A woman and little girl playing basketball.Share your athletic talent and interest asa coach or coaching assistant in sports orrecreational activities. "Help wanted" signs areoften posted at volunteer organizations servingpeople with mental or physical challenges;YMCA, YWCA or Red Cross chapters; localcivic organizations (like the Elks, Kiwanis,Rotary or Lions clubs); cityparks; and recreation orneighborhood programsfor low-income kids. Theyoften seek volunteersto help outwith Little League,swimming, softball,basketball, soccer,tennis, gymnastics,or otherrecreationalactivities.


A girl in a wheel chair playing baseball; and umpire behind her.Be a special friend to people with mental orphysical disabilities. Not only will your skillscontribute to the programs, but you may helpchange public perception about people whohave special challenges. Volunteer to help withlocal, regional or state Special Olympics competitionsheld in many communities. Local groupsand residential facilities often need volunteersfor field trips to museums and amusementparks, recreation and sports activities, or artsand crafts programs.Contact communitycenters or otherfacilities fordisabled persons,or askyour mayor'soffice foroptions.


Concern about our environment is serious stuff.And your commitment can start right at home.If you're not doing it now, start recycling yourown newspapers, glass and aluminum. Then getyour neighbors involved. If your school doesn'thave a recycling program, talk with your teachersor principal about getting one started. Thecompany that suppliesyour school cafeteriamight lend a hand in thiseffort. Young volunteersalso have beenknown to recycletires, motor oil,telephone books,greeting cards,Christmas trees andcomputer ink cartridges.


A woman and girl with a walker racing.Perhaps you don't want to take on the responsibilityof organizing and planning. There areother ways to help your favorite causes. Thereare many activities in which you can let your feetdo the talking - at dance marathons and otherindoor activities or at outdoor events, such asbicycle races, walkathons, and charity runs.


A female detectiveSo you have an interest in police work as acareer, or are concerned about crime in yourcommunity. Contact yourlocal police departmentto see if you can helpdevelop or get involvedin a student-watchprogram. How aboutdeveloping a schoolwatch program?Talk with yourprincipal or schoolcounselor about establishing a student patrolthat keeps an eye out for and reports theft, graffitiand other crimes at your school. Or thinkabout educating other young people aboutavoiding drugs, dealing with strangers, orstaying safe on the Internet. Another possibility:volunteer to take part in "teen court" justice systemsthat operate in many cities.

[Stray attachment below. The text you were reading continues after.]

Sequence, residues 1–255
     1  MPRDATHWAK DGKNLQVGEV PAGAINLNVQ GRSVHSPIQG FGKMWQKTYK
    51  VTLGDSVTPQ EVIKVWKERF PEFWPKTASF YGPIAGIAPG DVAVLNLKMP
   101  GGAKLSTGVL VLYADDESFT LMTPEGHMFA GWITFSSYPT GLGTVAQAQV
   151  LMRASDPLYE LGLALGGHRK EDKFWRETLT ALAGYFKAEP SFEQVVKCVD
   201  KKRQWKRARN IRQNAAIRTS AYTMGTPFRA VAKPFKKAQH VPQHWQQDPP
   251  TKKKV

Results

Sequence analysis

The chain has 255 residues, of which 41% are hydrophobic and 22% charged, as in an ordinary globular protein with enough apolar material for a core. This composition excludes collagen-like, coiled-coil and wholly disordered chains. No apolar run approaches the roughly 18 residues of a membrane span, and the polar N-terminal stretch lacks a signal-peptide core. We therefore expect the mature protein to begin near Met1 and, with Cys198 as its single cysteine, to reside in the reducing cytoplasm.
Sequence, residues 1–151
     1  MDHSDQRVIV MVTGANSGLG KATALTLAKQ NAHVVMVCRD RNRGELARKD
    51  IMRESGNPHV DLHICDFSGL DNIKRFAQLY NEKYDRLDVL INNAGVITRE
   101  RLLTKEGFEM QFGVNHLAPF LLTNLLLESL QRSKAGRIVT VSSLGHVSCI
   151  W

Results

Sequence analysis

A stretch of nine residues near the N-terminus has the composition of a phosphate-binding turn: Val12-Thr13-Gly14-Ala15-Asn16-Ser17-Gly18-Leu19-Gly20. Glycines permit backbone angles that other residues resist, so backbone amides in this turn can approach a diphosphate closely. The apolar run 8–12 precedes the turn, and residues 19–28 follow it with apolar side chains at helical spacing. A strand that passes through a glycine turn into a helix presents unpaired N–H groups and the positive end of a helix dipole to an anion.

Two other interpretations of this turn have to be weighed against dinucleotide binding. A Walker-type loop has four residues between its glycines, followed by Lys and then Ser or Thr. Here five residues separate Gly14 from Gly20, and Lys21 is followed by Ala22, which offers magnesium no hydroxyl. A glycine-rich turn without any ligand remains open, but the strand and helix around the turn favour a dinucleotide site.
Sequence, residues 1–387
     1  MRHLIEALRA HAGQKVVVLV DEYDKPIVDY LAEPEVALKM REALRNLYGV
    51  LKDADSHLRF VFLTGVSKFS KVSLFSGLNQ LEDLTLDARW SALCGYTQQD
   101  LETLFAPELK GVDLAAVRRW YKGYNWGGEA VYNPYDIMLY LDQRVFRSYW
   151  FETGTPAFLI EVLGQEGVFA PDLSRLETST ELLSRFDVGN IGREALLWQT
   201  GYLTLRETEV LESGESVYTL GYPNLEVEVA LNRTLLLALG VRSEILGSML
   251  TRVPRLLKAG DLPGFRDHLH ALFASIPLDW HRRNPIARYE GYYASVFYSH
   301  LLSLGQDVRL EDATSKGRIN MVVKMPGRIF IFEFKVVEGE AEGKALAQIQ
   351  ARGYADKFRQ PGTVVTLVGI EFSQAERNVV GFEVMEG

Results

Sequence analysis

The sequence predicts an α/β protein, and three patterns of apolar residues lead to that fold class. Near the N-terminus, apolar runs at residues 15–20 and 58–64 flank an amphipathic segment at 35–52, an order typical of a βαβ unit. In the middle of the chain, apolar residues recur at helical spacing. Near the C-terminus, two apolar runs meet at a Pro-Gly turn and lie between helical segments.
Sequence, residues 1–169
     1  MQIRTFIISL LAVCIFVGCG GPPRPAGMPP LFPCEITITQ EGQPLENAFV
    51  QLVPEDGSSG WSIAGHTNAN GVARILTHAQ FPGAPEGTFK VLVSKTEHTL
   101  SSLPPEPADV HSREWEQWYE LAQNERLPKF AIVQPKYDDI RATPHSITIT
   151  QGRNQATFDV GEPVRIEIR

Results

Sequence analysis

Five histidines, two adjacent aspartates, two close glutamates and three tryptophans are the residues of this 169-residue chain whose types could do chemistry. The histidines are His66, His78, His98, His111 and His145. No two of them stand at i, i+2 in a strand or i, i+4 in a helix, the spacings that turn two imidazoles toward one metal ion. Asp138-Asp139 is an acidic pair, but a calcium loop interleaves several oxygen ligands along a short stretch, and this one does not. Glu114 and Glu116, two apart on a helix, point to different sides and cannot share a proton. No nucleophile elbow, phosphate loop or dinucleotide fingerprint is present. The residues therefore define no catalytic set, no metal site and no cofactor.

A chef carrying a tray of soup.Perhaps you've been concerned about homelessor needy people. Their needs are many - fromshelter to food and clothing. Communityprojects and church-affiliated organizationssuch as Habitat for Humanity need volunteers toconstruct housing for the poor. Volunteer to helpprepare or distribute food at community orchurch-sponsored soup kitchens. A local low-incomehousing project may needsome help in a community garden.Or you can plant and tend your owngarden, and then donate the fruits (orvegetables) of your laborto a local food bank, orsell them to support yourfavorite charity. Many youngvolunteers also have hadsuccess with school or communitycampaigns to collect food,clothing, books, toys, schoolsupplies, eyeglasses, toiletries,backpacks and holiday giftsfor the disadvantaged.


A boy presenting that it's bad to drink alcohol.Perhaps you'd like to educate fellow studentsand others in your community about an issuethat's important to you. For example, you couldwarn fellow students about smoking,drug or alcohol abuse, AIDS, or negativepeer pressure. Or you could promoteimportant ideals such asracial tolerance, aclean environment,or traffic safety.You might want toput together aneducational presentationand take it toschools in your area,or launch a generalawareness campaignin yourcommunity.


A girl digging dirt to plant some flowers.Here are some earthy ideas to sink your handsinto. Your local parks department maywelcome an offer to plant trees and flowers inpublic parks, along walkways, or in downtownareas. Local environmental groups, landscapingcompanies and the National Arbor DayFoundation often give away tree seedlings.Talk to your principal about ways to beautifyand maintain your school grounds. Or considercleaning up litter on a regular basis fromneighborhood streets, local streams,highway shoulders and other publicplaces. Another idea:offer to help paintover graffiti onschool or cityproperty.


A man with a little girl and little boy on his back; playing horseyIf you like helpingother kids, or areconsidering a teachingcareer, volunteeringcan work for you.Schools, churches,libraries and communitycenters often havetutoring or mentoringprograms for youngsters.Local camps,especially those forsick or low-income kids, frequently needcounselors. Other places to consider: children'shospitals, daycare centers, shelters, programsfor "latchkey" kids, homework tutoring phonelines, and Big Brother or Sister programs.Some city or county courtrooms are interestedin activities for children who must come tocourt with a parent; ask about setting up aroom with books and toys, and volunteer tohelp care for these children. If you prefer, youcould organize your own "camp" to get localchildren involved in sports, music, science,theatre, gardening or some other activity.